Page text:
Encyclopedia > Ludo

  Article Content


Ludo is a simple board game played mainly by children, in which each player must move their four tokens from their starting positions round the board to their final allocated position. The first to do so wins. The game is a simplification of the traditional Indian game Pachisi. It originally appeared in 1896 (the game was patented in England, as patent 14636). Ludo has also been released more recently in a commercial (trademarked) version, Parcheesi.

To make a move, a player rolls a single die. If the player rolls a six, the player can bring a new piece into play, providing that there are some not already in play, or choose to move a piece of theirs already in play six places around the board. After rolling a six, a player gets another turn. (Some house rules[?] speed the game by letting a player bring out a piece on a roll of one if the player has no other pieces in play; in this case, the player does not get an extra turn.) If they roll any other number, they move one of their existing pieces the indicated number of spaces around the board. If, after completing its moves, a piece lands on a piece owned by another player, the other player's piece is removed from play and must begin its journey again. In some variations of the rules, if they land on one of their own pieces, they form a "block" which cannot be passed by any opponent's pieces (other variations simply do not permit players to move pieces such that they land on top of their own pieces).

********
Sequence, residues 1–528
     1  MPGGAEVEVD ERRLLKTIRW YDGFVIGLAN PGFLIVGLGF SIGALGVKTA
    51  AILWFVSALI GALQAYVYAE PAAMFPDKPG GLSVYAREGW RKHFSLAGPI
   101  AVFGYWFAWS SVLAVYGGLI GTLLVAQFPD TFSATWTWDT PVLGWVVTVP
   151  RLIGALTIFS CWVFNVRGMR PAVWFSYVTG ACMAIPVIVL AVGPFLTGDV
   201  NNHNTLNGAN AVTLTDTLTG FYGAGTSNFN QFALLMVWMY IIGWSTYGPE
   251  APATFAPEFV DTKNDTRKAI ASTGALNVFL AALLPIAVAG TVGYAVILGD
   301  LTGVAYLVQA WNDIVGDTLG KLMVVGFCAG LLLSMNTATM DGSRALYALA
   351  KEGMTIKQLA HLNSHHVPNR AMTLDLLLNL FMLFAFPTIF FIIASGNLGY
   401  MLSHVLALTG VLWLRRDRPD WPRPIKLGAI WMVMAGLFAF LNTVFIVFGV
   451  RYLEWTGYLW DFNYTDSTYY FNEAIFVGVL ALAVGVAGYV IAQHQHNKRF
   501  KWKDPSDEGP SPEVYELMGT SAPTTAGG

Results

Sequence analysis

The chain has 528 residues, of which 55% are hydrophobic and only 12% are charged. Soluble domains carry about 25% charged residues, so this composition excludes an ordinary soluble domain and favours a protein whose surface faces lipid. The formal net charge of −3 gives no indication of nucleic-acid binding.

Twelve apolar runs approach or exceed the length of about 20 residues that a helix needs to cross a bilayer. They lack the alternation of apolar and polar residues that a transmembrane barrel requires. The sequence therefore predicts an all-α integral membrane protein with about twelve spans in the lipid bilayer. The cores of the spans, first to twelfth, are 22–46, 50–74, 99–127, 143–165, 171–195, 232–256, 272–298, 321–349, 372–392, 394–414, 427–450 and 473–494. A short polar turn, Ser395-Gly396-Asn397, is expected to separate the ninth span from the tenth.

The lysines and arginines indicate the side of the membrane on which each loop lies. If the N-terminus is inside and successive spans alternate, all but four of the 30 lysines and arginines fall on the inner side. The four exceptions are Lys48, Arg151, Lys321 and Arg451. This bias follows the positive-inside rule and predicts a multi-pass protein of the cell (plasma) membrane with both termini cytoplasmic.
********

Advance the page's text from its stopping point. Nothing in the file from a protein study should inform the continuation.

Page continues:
Once a piece has been around the board completely, it can enter the "home straight", a stretch of four spaces which no other pieces can enter (and is thus safe from capture). For a piece to complete its journey, a piece must travel up the home straight and land exactly on the "home triangle" at the end of the straight (by rolling the correct amount).

The minimum of strategy in the game makes it of primary interest to younger children.

Additional Resources

All Wikipedia text is available under the terms of the GNU Free Documentation License

  Search Encyclopedia

Search over one million articles, find something about almost anything!
  Featured Article
Digital Rights Management

... and pointers. An early example of a DRM system is the Content Scrambling System (CSS) employed by the DVD Consortium[?] on movie DVD disks. The data on the DVD is ...

This page was created in 23.8 ms